On behalf of The Frickey Law Firm, posted on Wednesday, June 5, 2013.
Accidents are recreated by experts to show how they happened. The vehicles’ movement, speed and mechanical conditions are measureable. Investigators need input from drivers, passengers and witnesses to form a complete picture.
A 46-year-old Evans man lost control of a Pontiac Grand Am in northern Colorado. The injured survivor of the midday, two-vehicle collision may be the only person who can explain why the fatal auto accident occurred.
The Pontiac was moving fast as it approached an intersection on Colo. 14 near the small community of Ault. The driver veered to the side to avoid striking a car stopped in front of him. The stationary vehicle had been waiting at a stop sign to enter the main highway.
The vehicle’s sudden jerk to the left caused the Pontiac to lurch forward into the intersection, where the car was broadsided by a pickup truck. The violent collision drove the Pontiac through a sign and a fence. The car driver was airlifted to a nearby hospital with severe but not life-threatening injuries.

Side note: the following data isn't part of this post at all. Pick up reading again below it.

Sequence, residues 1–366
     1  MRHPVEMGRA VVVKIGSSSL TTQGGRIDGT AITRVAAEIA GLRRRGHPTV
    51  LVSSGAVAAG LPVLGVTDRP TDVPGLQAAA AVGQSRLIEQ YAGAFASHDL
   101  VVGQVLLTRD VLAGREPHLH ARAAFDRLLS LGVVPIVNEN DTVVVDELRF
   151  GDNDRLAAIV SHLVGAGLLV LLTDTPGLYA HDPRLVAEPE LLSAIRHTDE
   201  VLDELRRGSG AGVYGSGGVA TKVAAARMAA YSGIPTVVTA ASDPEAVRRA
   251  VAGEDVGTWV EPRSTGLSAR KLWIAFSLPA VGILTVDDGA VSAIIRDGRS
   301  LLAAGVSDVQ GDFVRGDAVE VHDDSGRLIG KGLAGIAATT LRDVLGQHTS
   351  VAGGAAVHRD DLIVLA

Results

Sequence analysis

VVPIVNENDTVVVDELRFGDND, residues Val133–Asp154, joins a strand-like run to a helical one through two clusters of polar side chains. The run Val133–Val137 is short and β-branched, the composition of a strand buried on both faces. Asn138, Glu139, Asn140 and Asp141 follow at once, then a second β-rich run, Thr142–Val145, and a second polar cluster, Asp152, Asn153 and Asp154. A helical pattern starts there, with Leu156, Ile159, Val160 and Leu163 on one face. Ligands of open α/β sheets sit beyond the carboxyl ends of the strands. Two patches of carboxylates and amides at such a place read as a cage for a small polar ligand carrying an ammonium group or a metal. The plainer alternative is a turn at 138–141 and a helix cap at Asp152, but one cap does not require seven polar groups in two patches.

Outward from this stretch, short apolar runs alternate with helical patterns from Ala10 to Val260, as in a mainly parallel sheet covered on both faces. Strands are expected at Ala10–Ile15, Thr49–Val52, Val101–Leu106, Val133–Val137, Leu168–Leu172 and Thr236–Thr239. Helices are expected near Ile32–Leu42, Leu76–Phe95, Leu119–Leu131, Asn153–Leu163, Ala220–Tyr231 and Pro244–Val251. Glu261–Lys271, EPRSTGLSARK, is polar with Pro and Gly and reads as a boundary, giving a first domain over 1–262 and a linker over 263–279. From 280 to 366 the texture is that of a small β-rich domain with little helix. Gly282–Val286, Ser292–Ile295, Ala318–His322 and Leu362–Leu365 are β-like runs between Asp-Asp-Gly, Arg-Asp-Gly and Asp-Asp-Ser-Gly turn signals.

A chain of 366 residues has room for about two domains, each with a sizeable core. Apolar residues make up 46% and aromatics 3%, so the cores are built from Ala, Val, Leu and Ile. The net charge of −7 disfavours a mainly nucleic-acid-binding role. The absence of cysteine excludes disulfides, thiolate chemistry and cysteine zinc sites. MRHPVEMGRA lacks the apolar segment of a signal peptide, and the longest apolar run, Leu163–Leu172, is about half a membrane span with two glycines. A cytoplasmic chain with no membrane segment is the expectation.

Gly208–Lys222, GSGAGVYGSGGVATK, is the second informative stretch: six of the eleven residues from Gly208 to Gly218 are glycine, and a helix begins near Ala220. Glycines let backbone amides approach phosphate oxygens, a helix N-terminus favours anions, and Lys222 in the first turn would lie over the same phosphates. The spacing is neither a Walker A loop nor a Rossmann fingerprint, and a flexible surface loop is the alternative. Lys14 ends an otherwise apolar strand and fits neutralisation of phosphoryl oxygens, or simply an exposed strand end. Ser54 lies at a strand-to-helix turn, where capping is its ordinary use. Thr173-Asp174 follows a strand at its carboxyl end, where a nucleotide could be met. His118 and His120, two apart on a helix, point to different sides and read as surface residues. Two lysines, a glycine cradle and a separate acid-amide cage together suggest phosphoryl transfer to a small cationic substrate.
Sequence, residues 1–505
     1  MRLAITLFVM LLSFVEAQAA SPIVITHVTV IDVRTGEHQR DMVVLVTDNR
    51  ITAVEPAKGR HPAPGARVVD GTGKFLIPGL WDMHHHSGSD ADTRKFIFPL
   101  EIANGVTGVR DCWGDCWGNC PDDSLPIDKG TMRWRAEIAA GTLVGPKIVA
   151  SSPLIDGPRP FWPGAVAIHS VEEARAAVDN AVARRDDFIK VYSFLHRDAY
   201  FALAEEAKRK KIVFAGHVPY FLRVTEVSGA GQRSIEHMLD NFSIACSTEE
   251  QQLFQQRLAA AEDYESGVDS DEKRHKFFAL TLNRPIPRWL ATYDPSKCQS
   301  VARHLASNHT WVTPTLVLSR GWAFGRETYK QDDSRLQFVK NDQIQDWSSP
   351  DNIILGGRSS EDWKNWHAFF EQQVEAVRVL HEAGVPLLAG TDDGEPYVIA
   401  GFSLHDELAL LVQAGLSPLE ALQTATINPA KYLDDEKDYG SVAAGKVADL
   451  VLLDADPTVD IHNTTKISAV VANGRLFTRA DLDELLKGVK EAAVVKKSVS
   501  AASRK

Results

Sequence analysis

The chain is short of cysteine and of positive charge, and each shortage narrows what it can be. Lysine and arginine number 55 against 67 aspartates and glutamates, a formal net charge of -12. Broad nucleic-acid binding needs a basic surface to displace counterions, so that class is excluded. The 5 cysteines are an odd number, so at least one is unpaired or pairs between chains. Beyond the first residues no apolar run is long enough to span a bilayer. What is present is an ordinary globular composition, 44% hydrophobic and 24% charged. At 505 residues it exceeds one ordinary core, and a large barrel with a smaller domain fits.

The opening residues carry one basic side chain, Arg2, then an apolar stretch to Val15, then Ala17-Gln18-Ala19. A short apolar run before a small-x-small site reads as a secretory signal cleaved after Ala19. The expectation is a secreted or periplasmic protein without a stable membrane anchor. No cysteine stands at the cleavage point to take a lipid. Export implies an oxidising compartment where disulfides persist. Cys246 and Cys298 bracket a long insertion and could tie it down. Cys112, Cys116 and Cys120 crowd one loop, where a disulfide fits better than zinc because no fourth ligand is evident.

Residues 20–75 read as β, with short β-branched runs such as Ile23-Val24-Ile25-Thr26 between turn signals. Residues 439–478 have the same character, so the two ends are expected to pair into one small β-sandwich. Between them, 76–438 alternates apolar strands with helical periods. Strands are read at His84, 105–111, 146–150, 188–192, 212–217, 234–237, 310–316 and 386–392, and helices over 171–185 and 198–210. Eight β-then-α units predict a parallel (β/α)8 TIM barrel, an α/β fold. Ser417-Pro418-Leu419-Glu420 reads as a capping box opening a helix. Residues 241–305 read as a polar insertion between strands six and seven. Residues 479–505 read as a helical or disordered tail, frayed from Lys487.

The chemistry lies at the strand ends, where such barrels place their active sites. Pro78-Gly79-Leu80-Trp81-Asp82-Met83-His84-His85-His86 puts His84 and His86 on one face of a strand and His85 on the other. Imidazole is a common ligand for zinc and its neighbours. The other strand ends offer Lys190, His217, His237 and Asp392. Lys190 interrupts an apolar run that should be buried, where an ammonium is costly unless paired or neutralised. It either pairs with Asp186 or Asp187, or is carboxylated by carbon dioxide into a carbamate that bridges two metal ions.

The driver of the pickup died when his truck flipped over during the crash. The 49-year-old Severance man was the curator of the Swetsville Zoo, a popular sculpture park in Timnath. His death was the 10th traffic fatality in the county this year.
The driver of the car that the Pontiac swerved to miss may have had a bird’s eye view of the crash. The witness could reinforce suspicions that the Pontiac was speeding.
An interview with the Pontiac driver may uncover proof of a medical condition or distraction. A chemical test will determine whether the driver was impaired. No criminal charges had been filed at the time of the report.
Financial liability for car accident injuries and deaths is not always linked to a crime. A Colorado civil court would base a wrongful death award on driver negligence, not necessarily the defendant’s intentions.
Source: greeleytribune.com, “Severance man, 49, dies in crash west of Ault” No author given, May. 31, 2013